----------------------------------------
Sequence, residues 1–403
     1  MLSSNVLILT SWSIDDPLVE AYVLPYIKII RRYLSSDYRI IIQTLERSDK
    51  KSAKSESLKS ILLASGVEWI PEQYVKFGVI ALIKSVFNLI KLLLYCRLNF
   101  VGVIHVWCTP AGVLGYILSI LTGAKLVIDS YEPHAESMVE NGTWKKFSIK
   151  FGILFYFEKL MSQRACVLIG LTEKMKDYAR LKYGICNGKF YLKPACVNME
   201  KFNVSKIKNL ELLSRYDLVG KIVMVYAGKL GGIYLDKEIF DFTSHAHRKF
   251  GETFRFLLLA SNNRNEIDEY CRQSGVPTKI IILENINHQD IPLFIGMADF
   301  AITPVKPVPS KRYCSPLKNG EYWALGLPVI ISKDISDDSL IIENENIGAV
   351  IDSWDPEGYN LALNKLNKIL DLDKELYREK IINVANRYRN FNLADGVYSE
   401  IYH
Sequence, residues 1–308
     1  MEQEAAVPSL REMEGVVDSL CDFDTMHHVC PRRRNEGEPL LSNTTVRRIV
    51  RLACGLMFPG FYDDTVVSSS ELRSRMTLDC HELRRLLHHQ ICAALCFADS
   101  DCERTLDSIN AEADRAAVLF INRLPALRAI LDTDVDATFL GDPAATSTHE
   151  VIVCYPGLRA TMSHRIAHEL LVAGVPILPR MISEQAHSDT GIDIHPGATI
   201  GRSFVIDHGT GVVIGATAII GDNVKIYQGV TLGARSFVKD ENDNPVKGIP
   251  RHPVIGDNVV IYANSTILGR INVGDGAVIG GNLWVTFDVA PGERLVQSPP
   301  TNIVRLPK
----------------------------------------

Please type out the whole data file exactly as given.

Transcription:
Sequence, residues 1–403
     1  MLSSNVLILT SWSIDDPLVE AYVLPYIKII RRYLSSDYRI IIQTLERSDK
    51  KSAKSESLKS ILLASGVEWI PEQYVKFGVI ALIKSVFNLI KLLLYCRLNF
   101  VGVIHVWCTP AGVLGYILSI LTGAKLVIDS YEPHAESMVE NGTWKKFSIK
   151  FGILFYFEKL MSQRACVLIG LTEKMKDYAR LKYGICNGKF YLKPACVNME
   201  KFNVSKIKNL ELLSRYDLVG KIVMVYAGKL GGIYLDKEIF DFTSHAHRKF
   251  GETFRFLLLA SNNRNEIDEY CRQSGVPTKI IILENINHQD IPLFIGMADF
   301  AITPVKPVPS KRYCSPLKNG EYWALGLPVI ISKDISDDSL IIENENIGAV
   351  IDSWDPEGYN LALNKLNKIL DLDKELYREK IINVANRYRN FNLADGVYSE
   401  IYH
Sequence, residues 1–308
     1  MEQEAAVPSL REMEGVVDSL CDFDTMHHVC PRRRNEGEPL LSNTTVRRIV
    51  RLACGLMFPG FYDDTVVSSS ELRSRMTLDC HELRRLLHHQ ICAALCFADS
   101  DCERTLDSIN AEADRAAVLF INRLPALRAI LDTDVDATFL GDPAATSTHE
   151  VIVCYPGLRA TMSHRIAHEL LVAGVPILPR MISEQAHSDT GIDIHPGATI
   201  GRSFVIDHGT GVVIGATAII GDNVKIYQGV TLGARSFVKD ENDNPVKGIP
   251  RHPVIGDNVV IYANSTILGR INVGDGAVIG GNLWVTFDVA PGERLVQSPP
   301  TNIVRLPK